Phytohormone such as auxin, gibberellins, cytokines effect on cell proliferation
INDOLE ACETIC ACID PRODUCTION: IAA produced by PGPR. It has a positive effect on root growth and helps in cell division and differentiation. Biosynthesis of various metabolites and resistance the stressful condition. Pseudomonas, Enterobacter, and Klebsiella plays role in indole acetic acid production.
CYTOKINES AND GIBBERALINES: PGPR also produce cytokines and gibberellins for plant growth promotion such as Azotobacter spp, Bacillus subtilis.
Indirect mechanism includes
- ANTIBIOTIC PRODUCTION
- HYDROLYTIC ENZYME PRODUCTION
- INDUCED SYSTEMIC RESISTANCE
- EXOPOLYSACCHARIDE PRODUCTION
PGPR produce antibiotics against phytopathogens. It is a biocontrol mechanism. A variety of antibiotics have been identified including compounds such as phenazine, tropolone.
PGPR produce enzyme such as chitinase, dehydrogenase, beta-glucanase, lipase, etc. they exhibit hypersensitivity activity, attacking pathogens by secreting cell wall hydrolases. It protects from biotic and abiotic stresses.
INDUCED SYSTEMIC RESISTANCE
It is defined as the physiological state of enhancing defensive capacity in response to specific environmental stimuli and as a result plant, innate defenses are potentiated against subsequent biotic changes. Many individual bacterial components induce systemic resistance such as lipopolysaccharide, siderophore, and volatile compound, etc.
EPS production is important in biofilm formation and colonization.it helps to hold free phosphorus and circulating essential nutrients. The function performed by EPS producing microbe is shielding from desiccation.
Role of PGPR in agriculture
- PHYTOSTIMULATORS: They are phytohormones which stimulate the growth of plants. The best example is the hormone auxin.
- ABIOTIC STRESS TOLERANCE: Abiotic stress are due to heavy metals in soil, nutrient deficiencies, and salinity. PGPR microbes act as stress relievers. Indigenous and native microbes are effective and competitive.
- BIOFERTILIZERS: They are defined as preparations containing living cells or latent cells of efficient strains of microorganisms that help the uptake of nutrients by their interaction in the rhizosphere when applied through the soil. PGPR play role in creating proper rhizosphere for plant growth.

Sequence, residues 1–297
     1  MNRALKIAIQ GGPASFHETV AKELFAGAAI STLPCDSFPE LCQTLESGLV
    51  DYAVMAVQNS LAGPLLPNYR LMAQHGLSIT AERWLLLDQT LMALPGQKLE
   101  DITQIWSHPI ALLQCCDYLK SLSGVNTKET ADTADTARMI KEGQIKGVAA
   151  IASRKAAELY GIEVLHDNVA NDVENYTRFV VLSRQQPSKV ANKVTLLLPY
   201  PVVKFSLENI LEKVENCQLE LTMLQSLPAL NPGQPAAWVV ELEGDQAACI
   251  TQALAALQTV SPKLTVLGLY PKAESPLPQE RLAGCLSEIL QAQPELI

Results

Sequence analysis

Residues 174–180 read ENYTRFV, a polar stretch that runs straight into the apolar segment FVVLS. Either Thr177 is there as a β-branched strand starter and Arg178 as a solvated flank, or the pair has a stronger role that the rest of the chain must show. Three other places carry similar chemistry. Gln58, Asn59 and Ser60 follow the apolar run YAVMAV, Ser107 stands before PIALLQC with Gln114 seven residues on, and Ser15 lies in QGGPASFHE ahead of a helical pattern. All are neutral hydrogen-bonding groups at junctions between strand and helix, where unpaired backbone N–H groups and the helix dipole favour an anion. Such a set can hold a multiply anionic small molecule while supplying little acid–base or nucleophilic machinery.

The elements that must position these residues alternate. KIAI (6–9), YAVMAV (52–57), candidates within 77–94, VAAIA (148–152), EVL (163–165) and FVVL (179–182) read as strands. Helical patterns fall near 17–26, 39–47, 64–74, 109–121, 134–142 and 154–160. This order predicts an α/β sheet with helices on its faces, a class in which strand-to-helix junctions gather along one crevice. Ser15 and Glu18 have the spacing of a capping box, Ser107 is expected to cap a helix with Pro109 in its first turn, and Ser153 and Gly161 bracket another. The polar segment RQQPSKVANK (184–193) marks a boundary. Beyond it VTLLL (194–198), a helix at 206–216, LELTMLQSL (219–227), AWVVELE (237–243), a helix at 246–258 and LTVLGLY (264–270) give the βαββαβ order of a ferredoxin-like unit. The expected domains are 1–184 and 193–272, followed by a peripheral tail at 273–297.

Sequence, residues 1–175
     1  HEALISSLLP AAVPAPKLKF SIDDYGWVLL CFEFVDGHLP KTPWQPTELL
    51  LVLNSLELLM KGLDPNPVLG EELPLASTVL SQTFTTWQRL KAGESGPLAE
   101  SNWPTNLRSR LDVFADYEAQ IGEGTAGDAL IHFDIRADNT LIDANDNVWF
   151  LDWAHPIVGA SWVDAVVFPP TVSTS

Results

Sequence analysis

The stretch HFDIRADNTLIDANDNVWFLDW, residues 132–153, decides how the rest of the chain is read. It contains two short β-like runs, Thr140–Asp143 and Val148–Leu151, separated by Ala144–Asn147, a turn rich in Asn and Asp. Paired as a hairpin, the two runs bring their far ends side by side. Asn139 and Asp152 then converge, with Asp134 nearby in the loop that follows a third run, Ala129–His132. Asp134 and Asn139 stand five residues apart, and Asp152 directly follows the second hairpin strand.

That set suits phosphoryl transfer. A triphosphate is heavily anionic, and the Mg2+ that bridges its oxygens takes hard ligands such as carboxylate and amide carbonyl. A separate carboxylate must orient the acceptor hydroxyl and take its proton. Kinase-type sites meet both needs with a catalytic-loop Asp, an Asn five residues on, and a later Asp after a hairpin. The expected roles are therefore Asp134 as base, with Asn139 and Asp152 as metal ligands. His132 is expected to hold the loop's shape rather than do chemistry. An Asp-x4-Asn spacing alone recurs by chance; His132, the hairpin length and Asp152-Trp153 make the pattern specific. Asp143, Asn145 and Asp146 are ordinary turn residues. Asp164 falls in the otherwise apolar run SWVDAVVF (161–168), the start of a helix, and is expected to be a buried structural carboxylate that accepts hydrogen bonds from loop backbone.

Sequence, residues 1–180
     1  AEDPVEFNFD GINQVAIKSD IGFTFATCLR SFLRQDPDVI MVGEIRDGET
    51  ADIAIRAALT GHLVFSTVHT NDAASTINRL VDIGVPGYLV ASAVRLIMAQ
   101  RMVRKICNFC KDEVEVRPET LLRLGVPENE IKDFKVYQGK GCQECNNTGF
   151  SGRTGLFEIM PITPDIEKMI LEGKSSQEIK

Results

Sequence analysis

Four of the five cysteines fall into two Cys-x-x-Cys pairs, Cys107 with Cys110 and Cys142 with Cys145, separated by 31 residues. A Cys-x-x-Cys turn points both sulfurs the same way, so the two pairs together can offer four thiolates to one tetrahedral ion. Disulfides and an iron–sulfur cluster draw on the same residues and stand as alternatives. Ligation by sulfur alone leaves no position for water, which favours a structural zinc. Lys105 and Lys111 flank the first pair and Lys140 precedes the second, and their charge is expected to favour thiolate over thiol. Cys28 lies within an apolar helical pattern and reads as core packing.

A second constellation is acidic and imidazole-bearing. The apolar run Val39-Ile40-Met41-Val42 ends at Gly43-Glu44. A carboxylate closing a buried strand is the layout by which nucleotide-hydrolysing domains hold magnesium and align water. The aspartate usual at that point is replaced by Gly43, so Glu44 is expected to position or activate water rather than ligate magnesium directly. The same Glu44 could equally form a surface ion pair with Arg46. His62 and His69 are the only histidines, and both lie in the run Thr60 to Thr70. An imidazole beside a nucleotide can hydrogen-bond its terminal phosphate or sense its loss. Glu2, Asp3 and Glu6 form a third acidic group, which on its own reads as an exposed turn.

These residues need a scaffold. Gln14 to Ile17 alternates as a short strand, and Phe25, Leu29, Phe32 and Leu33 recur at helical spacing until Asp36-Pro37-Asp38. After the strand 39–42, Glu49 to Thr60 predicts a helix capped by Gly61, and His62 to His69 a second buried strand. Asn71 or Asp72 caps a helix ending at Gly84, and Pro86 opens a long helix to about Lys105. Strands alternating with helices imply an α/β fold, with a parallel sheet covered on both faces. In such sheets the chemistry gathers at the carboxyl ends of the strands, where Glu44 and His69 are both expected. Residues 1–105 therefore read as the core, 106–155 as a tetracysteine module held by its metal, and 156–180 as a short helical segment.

- BIOPESTICIDES: PGPR produce certain enzymes such as chitinase, lipase, protease, etc. exhibit hyper parasitic activity, attacking pathogens by excreting cell wall hydrolases.
Harmful aspects of PGPR
Harmful aspects of PGPR are given below:
- Cyanide act as a growth inhibitor for some plants.
- A high level of auxin inhibits root growth.
- Rhizhobitoxine produce by Bradyrhizobiumelkanii may have a negative effect on nodulation.
- Rhhizobitoxine also induces foliar chlorosis in soybeans.
Future research and developmental strategies
- Future research in rhizosphere biology will rely on the development of molecular and biotechnological approaches to increase our knowledge of rhizosphere biology.
- Research on nitrogen fixation and phosphate solubilization by PGPR is progress on but research done on potassium solubilization is little.
- Higher yield and cost-effective PGPR products use by agriculture farmers.
- Fresh alternatives should be explored for the use of bioinoculants.
- The application of multi-strain bacterial consortium over single inoculation could be an effective approach for reducing the harmful effects of stress on plant growth.
- PGPR are economically and environmentally beneficial for plant growth promotion.
- PGPR may function as biofertilizers bio inoculant and other growth-promoting activities.
- In the future, they might replace chemical fertilizers and pesticides which have many hazardous effects on agriculture.
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Plant Growth-Promoting Rhizobacteria (PGPR)